Adolf Albin (September 14, 1848 - February 1, 1920) was a Romanian chess player, known mostly for the countergambit that bears his name, and also for the first chess book written in Romanian.
He was born in Bucharest to a wealthy family. His forefathers, however, sprang from Hamburg, Germany and settled in Zhitomir, Ukraine in the 19th century, but later moved to Romania. After completing his studies in Vienna, he went back to Romania, where he ran the Frothier Printing House in Bucharest. Soon he became associated with Dr. Bethel Henry Baron von Stroussberg, working as a translator for the influential railroad tycoon who was nicknamed "The King of Railways." Stroussberg's financial bankruptcy in 1875 led to Albin's exile in Vienna once again, together with his wife and 3 children. He died at age 72 in a Vienna sanatorium.
Albin came to chess relatively late: according to the Oxford Companion to Chess he only learnt the game in his 20s and did not play in international events until his 40s. His best result came at New York 1893, where he finished second behind Emanuel Lasker (who scored a perfect 13/13), ahead of Jackson Showalter, Harry Nelson Pillsbury and others. He played in the very strong tournaments at Hastings 1895 (scoring 8.5/21) and Nuremberg 1896 (scoring 7/18). His tournament results on the whole were spotty, though he won individual games against several notable players, including world champion Wilhelm Steinitz at New York 1894 and Nuremberg 1896. He authored the first chess book in Romanian, Amiculŭ Joculu de Scachu Teoreticu şi Practicu (published in Bucharest in 1872).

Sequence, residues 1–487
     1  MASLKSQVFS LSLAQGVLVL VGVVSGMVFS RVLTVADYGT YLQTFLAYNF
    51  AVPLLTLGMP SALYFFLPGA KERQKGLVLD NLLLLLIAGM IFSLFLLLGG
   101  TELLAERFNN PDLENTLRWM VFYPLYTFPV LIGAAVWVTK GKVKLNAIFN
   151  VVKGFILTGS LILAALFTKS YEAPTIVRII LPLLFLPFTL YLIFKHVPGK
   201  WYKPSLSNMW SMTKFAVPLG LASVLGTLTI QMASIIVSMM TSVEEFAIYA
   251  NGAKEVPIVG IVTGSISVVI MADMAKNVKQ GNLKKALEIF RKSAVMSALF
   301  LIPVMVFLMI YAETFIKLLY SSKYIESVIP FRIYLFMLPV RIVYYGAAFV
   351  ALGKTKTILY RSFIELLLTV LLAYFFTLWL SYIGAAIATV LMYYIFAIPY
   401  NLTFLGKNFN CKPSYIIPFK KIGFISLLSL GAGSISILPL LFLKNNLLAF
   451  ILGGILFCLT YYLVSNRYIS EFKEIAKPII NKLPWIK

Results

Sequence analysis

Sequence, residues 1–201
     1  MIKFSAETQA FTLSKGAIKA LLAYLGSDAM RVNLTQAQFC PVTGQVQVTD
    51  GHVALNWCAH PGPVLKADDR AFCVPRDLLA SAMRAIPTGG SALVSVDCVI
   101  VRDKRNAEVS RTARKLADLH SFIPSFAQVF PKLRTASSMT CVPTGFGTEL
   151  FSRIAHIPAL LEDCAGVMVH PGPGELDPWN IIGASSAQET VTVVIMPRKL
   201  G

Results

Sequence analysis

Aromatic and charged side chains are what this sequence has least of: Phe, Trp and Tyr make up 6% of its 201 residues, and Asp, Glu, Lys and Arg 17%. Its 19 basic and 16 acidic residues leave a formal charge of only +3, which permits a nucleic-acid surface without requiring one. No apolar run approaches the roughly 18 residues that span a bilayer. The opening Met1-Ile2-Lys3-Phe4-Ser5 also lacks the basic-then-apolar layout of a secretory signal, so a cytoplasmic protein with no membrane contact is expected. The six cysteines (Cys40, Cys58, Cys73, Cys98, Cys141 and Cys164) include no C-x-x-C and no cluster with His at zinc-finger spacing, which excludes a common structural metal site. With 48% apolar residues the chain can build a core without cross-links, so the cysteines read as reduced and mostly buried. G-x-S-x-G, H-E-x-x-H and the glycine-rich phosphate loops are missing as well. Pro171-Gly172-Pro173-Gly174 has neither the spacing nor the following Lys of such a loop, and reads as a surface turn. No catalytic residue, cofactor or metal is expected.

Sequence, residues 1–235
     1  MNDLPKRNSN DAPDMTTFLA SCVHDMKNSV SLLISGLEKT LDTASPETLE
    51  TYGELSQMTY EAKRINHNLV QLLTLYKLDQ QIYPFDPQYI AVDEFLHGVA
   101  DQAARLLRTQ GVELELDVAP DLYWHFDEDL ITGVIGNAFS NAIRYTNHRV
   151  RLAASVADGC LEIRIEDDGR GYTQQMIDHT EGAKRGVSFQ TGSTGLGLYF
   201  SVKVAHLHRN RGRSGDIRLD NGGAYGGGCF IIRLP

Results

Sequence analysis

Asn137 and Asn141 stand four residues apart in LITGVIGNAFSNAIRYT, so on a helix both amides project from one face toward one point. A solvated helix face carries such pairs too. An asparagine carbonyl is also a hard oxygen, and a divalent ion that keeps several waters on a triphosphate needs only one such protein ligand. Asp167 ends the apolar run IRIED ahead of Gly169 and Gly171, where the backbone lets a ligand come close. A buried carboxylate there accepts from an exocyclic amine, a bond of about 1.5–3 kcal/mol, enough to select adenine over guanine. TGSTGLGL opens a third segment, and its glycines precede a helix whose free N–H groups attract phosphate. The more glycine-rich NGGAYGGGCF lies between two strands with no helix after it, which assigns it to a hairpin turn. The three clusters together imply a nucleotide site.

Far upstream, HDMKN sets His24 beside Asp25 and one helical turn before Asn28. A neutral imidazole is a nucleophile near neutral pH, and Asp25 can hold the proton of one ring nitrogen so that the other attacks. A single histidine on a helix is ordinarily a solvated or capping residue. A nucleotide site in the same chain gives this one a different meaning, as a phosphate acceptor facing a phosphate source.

Albin is the eponym of several chess opening variations, notably the Albin Countergambit in the Queen's Gambit (1.d4 d5 2.c4 e5) and the Albin Attack in the French Defence (1.e4 e6 2.d4 d5 3.Nc3 Nf6 4.Bg5 Be7 5.e5 Nfd7 6.h4; also known as the Alekhine-Chatard Attack).